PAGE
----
Back in 2008 I found myself, as was my wont, in Pivovarsky klub. It was my local at the time, my Cheers. I had a fairly regular perch at both the upstairs and downstairs bar, everybody knew my name, and I in return knew everybody's name. I could ask one of the bar staff to just pick something for me confident that they would bring something good, and when they saw Mrs V coming through the door, her Primátor English Pale Ale was poured and ready before she had her coat off. Up to that point I had never touched a rauchbier, but they had got some in from Bamberg and I was eager to try...

Wow, just wow. None of your faint traces of smoke that bring bacon to mind, this was like being smacked upside the head with an entire side of pig. I loved it. Poured from a bottle with a label that just screamed Germany to this utter Germanophile, the colour was a shocking deep mahogany, it was beautiful. If I remember rightly myself and my friends drank the vast majority of their stock, and I was hooked on Schlenkerla beer for life.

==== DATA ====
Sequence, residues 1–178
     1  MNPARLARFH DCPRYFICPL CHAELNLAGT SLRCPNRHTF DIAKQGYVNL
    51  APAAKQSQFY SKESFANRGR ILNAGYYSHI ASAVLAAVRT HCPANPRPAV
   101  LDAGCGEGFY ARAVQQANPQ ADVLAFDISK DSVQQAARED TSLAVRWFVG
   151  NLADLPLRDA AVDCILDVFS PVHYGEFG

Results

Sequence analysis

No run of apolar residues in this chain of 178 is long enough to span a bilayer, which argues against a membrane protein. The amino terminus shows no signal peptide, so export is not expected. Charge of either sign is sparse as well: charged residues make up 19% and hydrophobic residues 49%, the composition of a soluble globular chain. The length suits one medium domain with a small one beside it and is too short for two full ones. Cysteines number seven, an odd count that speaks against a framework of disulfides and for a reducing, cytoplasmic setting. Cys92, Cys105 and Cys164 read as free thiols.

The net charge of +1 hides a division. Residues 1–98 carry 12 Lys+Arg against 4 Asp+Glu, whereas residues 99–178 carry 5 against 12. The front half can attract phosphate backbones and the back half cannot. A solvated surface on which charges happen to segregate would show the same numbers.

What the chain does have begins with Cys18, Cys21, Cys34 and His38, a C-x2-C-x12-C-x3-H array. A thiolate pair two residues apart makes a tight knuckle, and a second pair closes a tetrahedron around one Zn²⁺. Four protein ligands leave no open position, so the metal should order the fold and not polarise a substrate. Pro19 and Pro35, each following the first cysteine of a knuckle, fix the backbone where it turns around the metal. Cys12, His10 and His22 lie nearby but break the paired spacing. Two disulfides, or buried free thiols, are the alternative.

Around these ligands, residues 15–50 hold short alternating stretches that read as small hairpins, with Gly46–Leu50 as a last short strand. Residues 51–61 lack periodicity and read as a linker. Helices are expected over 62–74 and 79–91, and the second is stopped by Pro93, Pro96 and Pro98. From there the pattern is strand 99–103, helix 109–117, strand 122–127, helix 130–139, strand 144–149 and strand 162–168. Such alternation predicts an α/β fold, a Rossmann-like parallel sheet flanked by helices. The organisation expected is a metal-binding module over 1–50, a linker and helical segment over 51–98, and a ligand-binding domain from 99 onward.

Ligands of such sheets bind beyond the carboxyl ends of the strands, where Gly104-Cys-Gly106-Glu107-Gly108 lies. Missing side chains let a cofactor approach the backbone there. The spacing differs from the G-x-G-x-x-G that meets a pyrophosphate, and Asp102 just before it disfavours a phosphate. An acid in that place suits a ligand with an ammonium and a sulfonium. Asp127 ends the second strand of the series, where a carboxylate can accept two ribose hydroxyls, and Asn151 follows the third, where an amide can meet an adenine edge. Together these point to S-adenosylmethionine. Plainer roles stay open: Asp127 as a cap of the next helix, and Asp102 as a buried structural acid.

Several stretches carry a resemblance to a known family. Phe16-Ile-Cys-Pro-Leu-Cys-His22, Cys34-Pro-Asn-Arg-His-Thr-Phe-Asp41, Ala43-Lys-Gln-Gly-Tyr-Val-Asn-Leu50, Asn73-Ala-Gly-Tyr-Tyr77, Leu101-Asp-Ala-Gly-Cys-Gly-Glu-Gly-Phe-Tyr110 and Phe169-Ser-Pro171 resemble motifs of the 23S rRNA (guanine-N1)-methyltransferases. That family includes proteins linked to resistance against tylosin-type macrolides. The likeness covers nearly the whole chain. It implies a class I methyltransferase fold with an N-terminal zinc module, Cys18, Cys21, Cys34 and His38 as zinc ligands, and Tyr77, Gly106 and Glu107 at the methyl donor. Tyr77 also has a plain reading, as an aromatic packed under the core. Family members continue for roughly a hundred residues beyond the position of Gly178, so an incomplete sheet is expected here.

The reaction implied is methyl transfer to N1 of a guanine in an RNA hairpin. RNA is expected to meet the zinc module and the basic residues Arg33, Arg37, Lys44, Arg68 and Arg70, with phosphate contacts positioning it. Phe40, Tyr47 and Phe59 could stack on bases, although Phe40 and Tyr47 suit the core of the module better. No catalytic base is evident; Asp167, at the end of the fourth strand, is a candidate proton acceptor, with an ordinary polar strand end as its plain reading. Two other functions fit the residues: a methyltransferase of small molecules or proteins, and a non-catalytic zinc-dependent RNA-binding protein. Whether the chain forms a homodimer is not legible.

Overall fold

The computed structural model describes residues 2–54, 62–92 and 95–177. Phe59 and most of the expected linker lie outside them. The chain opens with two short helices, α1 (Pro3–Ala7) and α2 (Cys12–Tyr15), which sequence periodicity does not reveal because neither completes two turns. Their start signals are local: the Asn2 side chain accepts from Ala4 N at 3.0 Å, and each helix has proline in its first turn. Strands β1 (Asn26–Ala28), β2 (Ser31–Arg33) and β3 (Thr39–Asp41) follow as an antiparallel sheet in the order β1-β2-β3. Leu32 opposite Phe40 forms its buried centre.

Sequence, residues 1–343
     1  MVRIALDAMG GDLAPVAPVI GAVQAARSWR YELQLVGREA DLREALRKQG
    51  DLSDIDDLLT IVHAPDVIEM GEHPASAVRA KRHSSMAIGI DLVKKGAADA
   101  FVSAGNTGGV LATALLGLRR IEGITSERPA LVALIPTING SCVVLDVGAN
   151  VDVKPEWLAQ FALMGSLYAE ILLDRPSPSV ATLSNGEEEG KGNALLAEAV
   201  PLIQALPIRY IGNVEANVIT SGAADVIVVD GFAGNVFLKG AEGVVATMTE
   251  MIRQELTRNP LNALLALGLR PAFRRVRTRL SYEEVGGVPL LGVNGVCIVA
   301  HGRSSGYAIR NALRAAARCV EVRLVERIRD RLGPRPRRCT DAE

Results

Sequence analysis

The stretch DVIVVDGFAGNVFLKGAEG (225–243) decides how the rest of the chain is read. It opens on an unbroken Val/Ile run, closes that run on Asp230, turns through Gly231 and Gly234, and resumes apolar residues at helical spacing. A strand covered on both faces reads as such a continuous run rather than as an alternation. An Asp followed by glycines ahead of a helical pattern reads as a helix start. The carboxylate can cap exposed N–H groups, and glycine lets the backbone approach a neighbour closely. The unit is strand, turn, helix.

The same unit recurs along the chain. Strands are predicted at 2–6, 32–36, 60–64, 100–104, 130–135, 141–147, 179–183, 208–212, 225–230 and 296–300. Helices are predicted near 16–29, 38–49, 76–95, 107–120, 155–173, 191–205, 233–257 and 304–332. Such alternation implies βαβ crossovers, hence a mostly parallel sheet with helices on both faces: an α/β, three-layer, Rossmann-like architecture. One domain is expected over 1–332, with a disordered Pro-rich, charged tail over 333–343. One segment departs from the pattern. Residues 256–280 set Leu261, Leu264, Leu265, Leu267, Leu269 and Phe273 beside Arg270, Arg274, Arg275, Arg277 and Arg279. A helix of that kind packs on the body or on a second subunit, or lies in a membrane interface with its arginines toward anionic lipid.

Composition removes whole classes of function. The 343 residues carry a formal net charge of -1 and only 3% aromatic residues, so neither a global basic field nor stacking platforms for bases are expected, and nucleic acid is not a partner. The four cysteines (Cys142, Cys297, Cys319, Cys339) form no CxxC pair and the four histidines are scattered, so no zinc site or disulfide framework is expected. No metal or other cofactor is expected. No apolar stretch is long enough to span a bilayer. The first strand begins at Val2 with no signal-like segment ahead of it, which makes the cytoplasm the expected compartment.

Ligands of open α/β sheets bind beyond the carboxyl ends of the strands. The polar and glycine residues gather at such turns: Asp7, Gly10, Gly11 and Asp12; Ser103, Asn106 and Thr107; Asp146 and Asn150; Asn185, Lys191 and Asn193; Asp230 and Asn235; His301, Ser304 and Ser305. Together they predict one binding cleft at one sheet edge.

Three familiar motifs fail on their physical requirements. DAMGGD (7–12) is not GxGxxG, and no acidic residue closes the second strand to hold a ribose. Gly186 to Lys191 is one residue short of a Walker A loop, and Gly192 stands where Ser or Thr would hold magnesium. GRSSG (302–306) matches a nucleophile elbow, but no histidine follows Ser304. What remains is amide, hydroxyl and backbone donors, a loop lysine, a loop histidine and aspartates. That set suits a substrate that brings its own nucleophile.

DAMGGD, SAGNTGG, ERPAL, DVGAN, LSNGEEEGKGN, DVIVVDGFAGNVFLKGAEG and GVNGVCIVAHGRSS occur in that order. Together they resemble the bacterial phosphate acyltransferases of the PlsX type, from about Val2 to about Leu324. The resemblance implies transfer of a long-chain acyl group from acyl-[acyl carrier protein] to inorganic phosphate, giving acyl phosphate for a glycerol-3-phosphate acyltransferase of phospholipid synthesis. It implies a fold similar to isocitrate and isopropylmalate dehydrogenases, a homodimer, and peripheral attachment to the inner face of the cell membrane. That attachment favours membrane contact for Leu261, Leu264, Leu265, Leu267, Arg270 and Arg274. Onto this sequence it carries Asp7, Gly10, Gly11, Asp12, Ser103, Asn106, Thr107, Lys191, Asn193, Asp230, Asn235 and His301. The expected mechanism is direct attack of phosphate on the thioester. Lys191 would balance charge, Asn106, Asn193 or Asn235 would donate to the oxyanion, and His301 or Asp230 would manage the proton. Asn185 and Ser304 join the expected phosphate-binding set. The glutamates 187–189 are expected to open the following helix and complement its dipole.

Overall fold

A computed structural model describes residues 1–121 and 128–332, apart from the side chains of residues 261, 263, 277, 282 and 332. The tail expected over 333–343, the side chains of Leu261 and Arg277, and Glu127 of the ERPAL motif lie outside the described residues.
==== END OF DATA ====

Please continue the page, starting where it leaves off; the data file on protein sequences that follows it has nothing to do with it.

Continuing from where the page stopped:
As yesterday was St Valentine's Day, I martyred Mrs V by beheading her. No wait, no I didn't, we went to a delightful harpsichord concert in Staunton, had a couple of drinks at a wine bar, and then headed into the gathering snowstorm to try out Edelweiss German Restaurant. I have mentioned my own Germanophilia, thankfully Mrs V is also a devotee of Mitteleuropa life so it was an easy choice really, even though previous visits to German restaurants have had us wondering why the sauerkraut was more sü? than sauer.